The four tales of horror in Clive Barker's "In the Flesh" are not made for fireside reading. These are disturbing tales that emerge from a profound sense of despair and desolation.
Barker is a young English author, and "In the Flesh" is the fifth of a six-volume English collection, the "Books of Blood" (Weidenfeld & Nicolson). Indeed, blood oozes, splatters, drips and gushes from these stories in great abundance. In the title story, Barker describes the result of a fight between two prisoners. "The man had been ripped open, his eyes put out, his genitals torn off. Nayler, the only possible antagonist, had contrived to open up his own belly."
The story concerns Cleve, a veteran prisoner who must look after his new cell mate, a frail, young, reclusive lad named Billy Tait, who would otherwise become "easy meat." Billy, however, has intentionally gotten himself imprisoned in order to find his grandfather, Henry Tait, who was hanged 50 years ago for butchering nearly his entire family, and then was buried in an unmarked grave somewhere on the prison grounds. Billy confides to Cleve that he must somehow reach his grandfather with whom he claims to share some terrible power.
In searching for the location of the grave, Cleve questions an old prisoner known as The Bishop. His response demonstrates Barker's ability to chill with a clammy hand as well as shock with a bloody one.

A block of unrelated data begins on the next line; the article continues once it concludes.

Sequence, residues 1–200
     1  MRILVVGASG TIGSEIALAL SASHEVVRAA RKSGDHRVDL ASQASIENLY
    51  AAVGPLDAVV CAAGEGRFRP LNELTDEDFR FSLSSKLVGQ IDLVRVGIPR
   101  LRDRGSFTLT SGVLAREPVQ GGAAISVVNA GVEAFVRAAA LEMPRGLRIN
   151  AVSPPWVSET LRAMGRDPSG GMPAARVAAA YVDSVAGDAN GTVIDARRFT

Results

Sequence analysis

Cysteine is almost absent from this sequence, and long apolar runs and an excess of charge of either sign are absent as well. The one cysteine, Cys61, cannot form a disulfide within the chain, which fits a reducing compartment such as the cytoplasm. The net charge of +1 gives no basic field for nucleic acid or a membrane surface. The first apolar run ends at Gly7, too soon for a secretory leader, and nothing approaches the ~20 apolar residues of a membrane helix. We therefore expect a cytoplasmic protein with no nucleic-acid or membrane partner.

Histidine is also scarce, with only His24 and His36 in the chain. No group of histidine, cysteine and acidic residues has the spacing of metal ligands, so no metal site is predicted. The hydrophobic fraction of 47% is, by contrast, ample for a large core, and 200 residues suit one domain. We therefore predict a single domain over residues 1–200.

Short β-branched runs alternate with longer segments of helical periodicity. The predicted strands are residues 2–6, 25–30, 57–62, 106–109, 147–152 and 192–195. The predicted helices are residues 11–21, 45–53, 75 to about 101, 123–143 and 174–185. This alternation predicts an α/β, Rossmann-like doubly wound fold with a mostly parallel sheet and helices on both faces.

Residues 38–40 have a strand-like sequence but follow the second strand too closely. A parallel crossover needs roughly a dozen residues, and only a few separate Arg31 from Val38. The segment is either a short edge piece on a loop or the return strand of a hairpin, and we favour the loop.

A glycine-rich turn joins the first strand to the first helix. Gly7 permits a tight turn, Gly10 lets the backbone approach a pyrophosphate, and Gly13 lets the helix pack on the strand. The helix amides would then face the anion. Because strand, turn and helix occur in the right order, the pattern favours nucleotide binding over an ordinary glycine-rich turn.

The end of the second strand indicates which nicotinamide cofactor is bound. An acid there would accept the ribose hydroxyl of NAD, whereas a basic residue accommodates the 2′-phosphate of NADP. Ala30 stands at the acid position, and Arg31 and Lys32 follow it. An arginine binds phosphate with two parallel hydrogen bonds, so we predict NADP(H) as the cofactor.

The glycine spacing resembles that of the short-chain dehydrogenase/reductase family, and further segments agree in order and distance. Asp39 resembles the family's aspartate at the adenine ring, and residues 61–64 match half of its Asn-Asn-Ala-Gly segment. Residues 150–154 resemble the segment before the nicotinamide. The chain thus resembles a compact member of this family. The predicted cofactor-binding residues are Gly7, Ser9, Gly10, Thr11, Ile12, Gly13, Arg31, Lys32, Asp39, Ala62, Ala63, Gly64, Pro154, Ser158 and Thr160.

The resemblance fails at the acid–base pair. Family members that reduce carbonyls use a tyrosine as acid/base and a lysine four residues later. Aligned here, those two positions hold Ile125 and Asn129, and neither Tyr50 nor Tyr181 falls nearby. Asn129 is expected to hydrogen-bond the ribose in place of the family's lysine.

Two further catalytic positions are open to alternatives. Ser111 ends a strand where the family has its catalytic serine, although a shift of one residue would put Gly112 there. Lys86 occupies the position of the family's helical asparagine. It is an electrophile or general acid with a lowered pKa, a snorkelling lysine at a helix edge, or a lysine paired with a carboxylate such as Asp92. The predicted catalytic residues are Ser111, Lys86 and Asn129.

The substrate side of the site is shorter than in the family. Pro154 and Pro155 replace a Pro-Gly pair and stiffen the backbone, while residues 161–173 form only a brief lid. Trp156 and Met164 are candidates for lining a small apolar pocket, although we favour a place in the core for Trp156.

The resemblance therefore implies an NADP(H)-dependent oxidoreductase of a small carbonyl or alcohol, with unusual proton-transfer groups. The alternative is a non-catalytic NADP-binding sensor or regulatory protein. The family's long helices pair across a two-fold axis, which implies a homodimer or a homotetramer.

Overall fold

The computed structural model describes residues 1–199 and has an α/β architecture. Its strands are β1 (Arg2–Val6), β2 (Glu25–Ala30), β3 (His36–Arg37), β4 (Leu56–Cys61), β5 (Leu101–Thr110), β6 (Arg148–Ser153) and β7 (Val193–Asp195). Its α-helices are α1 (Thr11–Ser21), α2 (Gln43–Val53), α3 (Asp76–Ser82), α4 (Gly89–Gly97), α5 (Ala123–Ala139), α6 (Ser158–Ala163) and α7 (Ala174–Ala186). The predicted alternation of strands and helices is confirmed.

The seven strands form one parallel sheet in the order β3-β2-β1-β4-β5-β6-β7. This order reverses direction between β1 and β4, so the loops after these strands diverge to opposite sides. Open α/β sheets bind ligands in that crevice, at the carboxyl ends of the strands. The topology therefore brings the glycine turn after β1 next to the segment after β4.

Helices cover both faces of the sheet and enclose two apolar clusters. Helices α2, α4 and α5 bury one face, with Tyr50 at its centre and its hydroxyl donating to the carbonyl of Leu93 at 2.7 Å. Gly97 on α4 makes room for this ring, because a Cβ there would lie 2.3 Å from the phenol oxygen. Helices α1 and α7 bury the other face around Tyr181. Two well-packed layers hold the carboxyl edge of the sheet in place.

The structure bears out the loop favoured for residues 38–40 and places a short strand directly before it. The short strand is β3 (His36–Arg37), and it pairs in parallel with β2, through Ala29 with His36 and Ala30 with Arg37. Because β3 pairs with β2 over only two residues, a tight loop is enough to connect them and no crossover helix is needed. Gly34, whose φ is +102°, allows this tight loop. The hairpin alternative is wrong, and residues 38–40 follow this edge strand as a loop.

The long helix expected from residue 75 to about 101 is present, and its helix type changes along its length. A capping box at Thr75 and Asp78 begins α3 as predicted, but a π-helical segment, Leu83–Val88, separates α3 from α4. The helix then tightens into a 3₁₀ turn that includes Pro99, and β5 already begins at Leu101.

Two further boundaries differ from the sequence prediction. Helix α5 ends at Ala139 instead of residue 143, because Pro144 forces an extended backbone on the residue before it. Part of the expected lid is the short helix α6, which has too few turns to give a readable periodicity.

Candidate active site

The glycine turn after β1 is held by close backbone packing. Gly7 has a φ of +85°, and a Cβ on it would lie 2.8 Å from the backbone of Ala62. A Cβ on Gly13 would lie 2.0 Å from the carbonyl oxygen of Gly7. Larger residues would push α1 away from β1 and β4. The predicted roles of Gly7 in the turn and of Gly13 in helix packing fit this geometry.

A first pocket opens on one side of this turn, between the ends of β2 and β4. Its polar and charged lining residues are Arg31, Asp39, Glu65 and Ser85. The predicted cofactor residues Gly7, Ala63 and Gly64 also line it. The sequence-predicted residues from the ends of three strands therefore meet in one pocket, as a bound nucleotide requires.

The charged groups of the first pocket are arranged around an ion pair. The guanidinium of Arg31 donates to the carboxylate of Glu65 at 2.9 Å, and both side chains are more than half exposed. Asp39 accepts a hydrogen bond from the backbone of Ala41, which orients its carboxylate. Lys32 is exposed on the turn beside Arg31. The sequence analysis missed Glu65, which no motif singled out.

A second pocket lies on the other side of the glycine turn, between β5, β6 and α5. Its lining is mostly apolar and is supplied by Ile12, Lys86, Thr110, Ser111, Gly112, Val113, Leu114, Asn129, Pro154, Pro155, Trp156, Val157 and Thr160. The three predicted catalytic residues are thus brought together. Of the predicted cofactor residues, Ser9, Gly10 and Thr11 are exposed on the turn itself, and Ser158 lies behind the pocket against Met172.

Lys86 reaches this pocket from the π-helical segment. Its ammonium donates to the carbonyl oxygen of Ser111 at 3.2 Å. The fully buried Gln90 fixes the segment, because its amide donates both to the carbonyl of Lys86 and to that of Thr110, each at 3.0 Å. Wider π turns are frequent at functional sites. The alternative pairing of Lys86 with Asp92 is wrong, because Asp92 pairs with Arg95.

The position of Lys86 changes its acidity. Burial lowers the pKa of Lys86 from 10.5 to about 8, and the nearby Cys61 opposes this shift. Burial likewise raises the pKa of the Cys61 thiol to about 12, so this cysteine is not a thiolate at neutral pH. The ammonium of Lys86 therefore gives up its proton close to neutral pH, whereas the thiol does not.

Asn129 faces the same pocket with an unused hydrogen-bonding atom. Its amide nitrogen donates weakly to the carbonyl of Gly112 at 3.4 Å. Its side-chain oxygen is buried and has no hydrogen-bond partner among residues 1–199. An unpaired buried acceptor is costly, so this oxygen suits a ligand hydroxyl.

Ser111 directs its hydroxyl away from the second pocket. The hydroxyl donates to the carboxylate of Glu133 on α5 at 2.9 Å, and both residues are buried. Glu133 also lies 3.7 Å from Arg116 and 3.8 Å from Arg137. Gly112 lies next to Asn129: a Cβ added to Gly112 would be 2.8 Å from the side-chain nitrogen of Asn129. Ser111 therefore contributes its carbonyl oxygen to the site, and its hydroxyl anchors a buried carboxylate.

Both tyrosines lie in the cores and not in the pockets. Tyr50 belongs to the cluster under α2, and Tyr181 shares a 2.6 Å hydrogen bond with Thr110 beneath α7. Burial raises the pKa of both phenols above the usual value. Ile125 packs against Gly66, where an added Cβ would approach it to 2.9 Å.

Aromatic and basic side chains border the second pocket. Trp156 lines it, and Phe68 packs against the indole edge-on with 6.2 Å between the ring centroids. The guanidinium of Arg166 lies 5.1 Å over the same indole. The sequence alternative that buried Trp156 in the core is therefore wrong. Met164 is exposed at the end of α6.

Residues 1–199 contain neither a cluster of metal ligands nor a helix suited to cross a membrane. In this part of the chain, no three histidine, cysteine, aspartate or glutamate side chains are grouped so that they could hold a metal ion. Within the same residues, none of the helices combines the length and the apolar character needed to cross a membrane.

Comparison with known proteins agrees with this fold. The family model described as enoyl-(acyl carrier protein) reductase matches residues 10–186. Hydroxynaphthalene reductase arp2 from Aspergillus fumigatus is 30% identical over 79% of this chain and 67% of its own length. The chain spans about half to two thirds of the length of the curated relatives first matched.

"The Bishop raised a cautionary forefinger. . . . 'You see, the land this prison is built upon has special properties. Bodies buried here don't rot the way they do elsewhere . . . whenever they've had to exhume a body from the plot, it's always been found in almost perfect condition.' "
The story's denouement comes only after an incredible series of twistings and turnings, none of which enables Cleve or Billy to escape a dreadful and inevitable fate.
In "The Forbidden," a powerfully crafted tale, an academician must confront the repugnant reality of life in a tenement slum. While doing research for her thesis on the social patterns of graffiti, Helen encounters, in an abandoned flat, a portrait of a vast, nightmarish head painted around a door that serves as its mouth. Next to it is written the unlikely phrase "Sweets to the sweet."
Fascinated by her discovery, Helen interviews residents of the slum and is regaled with hideous tales of death and butchery: a retarded boy found sliced to ribbons in a public toilet, an old man murdered, his eyes put out by a hook-handed maniac. Are these stories true or merely fables spread by those who can afford little else to entertain themselves?
Helen's academic colleagues, all of whom Barker somewhat superficially portrays as vacuous twits, scoff at the stories. Helen, however, persists in her investigation, finally encountering the living image of the painting, a wrenching horror known as the Candyman. ". . . The contents of his torso had rotted away, and the hollow was now occupied by a nest of bees. They swarmed in the vault of his chest, and encrusted in a seething mass the remnants of flesh that hung there."
The Candyman is a personification of the most terrifying urban myths and legends, yet a legend that can never be totally disbelieved, for just when it seems to be expunged from human memory, that is the moment when it will somehow claw its way back into actual existence, dead, but yet "immortal in gossip and graffiti."
Barker's stories are mostly successful and never predictable. At his best, he attacks our senses and our psyche, seeking not so much to tingle our spine as to snap it altogether.